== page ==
As in the first solution, however, the the exit code reported will be grep's, not find's, but the same fix as above can be applied.

Notes on the existing answers:

  • There are several points to note about Michael Brux's answer, find . ! -readable -prune -o -print:

    • It requires GNU find; notably, it won't work on macOS. Of course, if you only ever need the command to work with GNU find, this won't be a problem for you.

    • Some Permission denied errors may still surface: find ! -readable -prune reports such errors for the child items of directories for which the current user does have r permission, but lacks x (executable) permission. The reason is that because the directory itself is readable, -prune is not executed, and the attempt to descend into that directory then triggers the error messages. That said, the typical case is for the r permission to be missing.

    • Note: The following point is a matter of philosophy and/or specific use case, and you may decide it is not relevant to you and that the command fits your needs well, especially if simply printing the paths is all you do:

      • If you conceptualize the filtering of the permission-denied error messages a separate task that you want to be able to apply to any find command, then the opposite approach of proactively preventing permission-denied errors requires introducing "noise" into the find command, which also introduces complexity and logical pitfalls.
      • For instance, the most up-voted comment on Michael's answer (as of this writing) attempts to show how to extend the command by including a -name filter, as follows:
        find . ! -readable -prune -o -name '*.txt'
        This, however, does not work as intended, because the trailing -print action is required (an explanation can be found in this answer). Such subtleties can introduce bugs.
  • The first solution in Jonathan Leffler's answer, find . 2>/dev/null > files_and_folders, as he himself states, blindly silences all error messages (and the workaround is cumbersome and not fully robust, as he also explains). Pragmatically speaking, however, it is the simplest solution, as you may be content to assume that any and all errors would be permission-related.

  • mist's answer, sudo find . > files_and_folders, is concise and pragmatic, but ill-advised for anything other than merely printing filenames, for security reasons: because you're running as the root user, "you risk having your whole system being messed up by a bug in find or a malicious version, or an incorrect invocation which writes something unexpectedly, which could not happen if you ran this with normal privileges" (from a comment on mist's answer by tripleee).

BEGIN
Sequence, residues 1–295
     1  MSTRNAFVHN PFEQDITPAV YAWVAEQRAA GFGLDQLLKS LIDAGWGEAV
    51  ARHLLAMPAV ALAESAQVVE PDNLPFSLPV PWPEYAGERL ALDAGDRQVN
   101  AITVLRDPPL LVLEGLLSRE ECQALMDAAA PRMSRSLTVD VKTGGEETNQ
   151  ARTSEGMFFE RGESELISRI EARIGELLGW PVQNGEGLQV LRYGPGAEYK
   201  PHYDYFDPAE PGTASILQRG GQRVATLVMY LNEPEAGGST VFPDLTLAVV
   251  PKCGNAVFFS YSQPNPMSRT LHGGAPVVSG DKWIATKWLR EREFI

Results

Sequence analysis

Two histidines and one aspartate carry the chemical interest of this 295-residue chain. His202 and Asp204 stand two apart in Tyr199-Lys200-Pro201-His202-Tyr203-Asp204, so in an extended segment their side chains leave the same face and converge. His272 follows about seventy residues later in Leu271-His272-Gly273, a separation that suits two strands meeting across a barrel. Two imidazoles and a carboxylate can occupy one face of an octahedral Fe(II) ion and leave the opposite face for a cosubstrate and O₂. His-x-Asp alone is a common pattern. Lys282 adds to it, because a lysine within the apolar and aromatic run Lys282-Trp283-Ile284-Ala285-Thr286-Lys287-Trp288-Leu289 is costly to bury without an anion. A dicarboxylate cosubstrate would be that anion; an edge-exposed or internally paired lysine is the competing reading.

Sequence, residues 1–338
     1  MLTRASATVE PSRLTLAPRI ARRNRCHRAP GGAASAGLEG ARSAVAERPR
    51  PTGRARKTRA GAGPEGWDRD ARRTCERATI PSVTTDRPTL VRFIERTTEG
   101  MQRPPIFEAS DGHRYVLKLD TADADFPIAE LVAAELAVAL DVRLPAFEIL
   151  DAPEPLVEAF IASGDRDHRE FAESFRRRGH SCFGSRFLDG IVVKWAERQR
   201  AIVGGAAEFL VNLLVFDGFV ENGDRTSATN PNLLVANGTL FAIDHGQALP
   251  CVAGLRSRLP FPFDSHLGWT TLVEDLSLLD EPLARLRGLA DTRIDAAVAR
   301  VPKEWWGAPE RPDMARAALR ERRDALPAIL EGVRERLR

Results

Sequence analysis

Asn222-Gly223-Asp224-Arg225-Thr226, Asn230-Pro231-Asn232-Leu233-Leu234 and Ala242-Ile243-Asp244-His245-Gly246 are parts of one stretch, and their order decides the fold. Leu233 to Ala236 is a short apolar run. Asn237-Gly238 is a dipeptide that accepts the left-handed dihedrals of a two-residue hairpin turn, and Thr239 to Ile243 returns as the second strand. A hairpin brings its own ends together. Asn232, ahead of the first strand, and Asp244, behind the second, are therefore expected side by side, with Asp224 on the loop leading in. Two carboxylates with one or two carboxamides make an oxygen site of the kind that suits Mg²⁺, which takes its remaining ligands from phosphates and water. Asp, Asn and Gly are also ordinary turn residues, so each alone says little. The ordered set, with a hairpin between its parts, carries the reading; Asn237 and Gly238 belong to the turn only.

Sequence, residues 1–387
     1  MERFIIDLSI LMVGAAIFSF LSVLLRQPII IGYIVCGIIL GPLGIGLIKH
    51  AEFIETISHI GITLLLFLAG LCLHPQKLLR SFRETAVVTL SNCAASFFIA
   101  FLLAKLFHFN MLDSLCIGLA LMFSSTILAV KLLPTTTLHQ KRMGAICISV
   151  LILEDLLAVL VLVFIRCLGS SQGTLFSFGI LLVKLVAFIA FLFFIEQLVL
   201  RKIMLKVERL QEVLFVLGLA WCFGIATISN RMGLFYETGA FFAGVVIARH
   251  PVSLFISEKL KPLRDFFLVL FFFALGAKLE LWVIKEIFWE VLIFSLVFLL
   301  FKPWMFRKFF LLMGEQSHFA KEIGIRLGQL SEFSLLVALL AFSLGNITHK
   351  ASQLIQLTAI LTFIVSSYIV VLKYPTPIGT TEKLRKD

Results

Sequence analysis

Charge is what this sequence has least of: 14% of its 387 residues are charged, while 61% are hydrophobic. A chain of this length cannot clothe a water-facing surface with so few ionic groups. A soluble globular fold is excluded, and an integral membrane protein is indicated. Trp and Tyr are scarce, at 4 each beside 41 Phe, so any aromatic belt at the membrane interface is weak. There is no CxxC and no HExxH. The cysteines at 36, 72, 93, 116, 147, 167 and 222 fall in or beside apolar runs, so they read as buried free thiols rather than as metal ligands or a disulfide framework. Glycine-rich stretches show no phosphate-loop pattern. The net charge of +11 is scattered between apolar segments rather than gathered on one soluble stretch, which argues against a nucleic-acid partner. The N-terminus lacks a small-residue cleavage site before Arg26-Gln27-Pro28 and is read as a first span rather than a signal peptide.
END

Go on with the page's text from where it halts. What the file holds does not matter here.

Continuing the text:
• The 2nd solution in viraptor's answer, find . 2>&1 | grep -v 'Permission denied' > some_file runs the risk of false positives (due to sending a mix of stdout and stderr through the pipeline), and, potentially, instead of reporting non-permission-denied errors via stderr, captures them alongside the output paths in the output file.

11/8/2018 1:58:09 AM


find . 2>/dev/null > files_and_folders

This hides not just the Permission denied errors, of course, but all error messages.

If you really want to keep other possible errors, such as too many hops on a symlink, but not the permission denied ones, then you'd probably have to take a flying guess that you don't have many files called 'permission denied' and try:

find . 2>&1 | grep -v 'Permission denied' > files_and_folders

If you strictly want to filter just standard error, you can use the more elaborate construction:

find . 2>&1 > files_and_folders | grep -v 'Permission denied' >&2

The I/O redirection on the find command is: 2>&1 > files_and_folders |. The pipe redirects standard output to the grep command and is applied first. The 2>&1 sends standard error to the same place as standard output (the pipe). The > files_and_folders sends standard output (but not standard error) to a file. The net result is that messages written to standard error are sent down the pipe and the regular output of find is written to the file. The grep filters the standard output (you can decide how selective you want it to be, and may have to change the spelling depending on locale and O/S) and the final >&2 means that the surviving error messages (written to standard output) go to standard error once more. The final redirection could be regarded as optional at the terminal, but would be a very good idea to use it in a script so that error messages appear on standard error.

There are endless variations on this theme, depending on what you want to do. This will work on any variant of Unix with any Bourne shell derivative (Bash, Korn, …) and any POSIX-compliant version of find.

If you wish to adapt to the specific version of find you have on your system, there may be alternative options available. GNU find in particular has a myriad options not available in other versions — see the currently accepted answer for one such set of options.